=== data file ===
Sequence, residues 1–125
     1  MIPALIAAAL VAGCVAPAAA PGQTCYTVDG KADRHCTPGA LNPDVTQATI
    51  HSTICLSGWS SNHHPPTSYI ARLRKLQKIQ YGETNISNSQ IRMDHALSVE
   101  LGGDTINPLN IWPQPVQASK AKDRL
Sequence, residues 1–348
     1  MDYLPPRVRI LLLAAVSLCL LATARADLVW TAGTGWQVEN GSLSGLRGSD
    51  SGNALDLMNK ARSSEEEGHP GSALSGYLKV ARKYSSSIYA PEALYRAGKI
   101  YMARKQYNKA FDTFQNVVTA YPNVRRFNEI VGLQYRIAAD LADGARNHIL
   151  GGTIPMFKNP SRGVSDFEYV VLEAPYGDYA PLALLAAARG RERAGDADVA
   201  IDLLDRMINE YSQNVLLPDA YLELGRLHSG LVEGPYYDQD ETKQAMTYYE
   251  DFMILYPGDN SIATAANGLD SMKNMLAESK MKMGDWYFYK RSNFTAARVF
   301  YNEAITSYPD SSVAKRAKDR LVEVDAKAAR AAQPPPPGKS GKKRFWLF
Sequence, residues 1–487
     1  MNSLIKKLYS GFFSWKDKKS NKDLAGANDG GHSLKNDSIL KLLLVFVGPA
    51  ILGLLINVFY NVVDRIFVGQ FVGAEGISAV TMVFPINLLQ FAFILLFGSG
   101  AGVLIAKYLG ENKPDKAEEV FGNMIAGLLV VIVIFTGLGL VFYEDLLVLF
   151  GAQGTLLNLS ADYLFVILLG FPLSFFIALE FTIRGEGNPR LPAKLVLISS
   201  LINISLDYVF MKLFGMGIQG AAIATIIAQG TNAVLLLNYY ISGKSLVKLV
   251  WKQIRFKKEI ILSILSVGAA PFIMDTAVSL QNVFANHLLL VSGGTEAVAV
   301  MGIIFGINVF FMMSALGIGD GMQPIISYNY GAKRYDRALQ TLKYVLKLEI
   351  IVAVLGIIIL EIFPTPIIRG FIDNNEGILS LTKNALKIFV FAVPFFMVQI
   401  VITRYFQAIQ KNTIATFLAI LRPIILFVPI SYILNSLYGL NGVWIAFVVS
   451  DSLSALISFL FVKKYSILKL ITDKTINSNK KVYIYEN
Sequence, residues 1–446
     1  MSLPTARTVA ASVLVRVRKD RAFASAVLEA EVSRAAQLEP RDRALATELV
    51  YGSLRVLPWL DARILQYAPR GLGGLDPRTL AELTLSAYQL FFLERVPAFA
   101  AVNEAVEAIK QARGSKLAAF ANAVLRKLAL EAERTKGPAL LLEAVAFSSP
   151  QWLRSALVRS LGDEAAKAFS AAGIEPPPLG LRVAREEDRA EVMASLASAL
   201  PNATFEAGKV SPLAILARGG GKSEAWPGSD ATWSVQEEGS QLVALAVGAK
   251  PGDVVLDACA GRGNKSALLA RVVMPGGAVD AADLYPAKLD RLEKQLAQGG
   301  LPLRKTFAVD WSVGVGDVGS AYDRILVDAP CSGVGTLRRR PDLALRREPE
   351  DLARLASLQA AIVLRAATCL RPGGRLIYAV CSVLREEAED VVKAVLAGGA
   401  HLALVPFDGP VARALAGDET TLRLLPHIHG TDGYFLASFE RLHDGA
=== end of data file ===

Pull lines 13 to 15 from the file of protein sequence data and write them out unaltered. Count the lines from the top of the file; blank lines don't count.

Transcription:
Sequence, residues 1–487
     1  MNSLIKKLYS GFFSWKDKKS NKDLAGANDG GHSLKNDSIL KLLLVFVGPA
    51  ILGLLINVFY NVVDRIFVGQ FVGAEGISAV TMVFPINLLQ FAFILLFGSG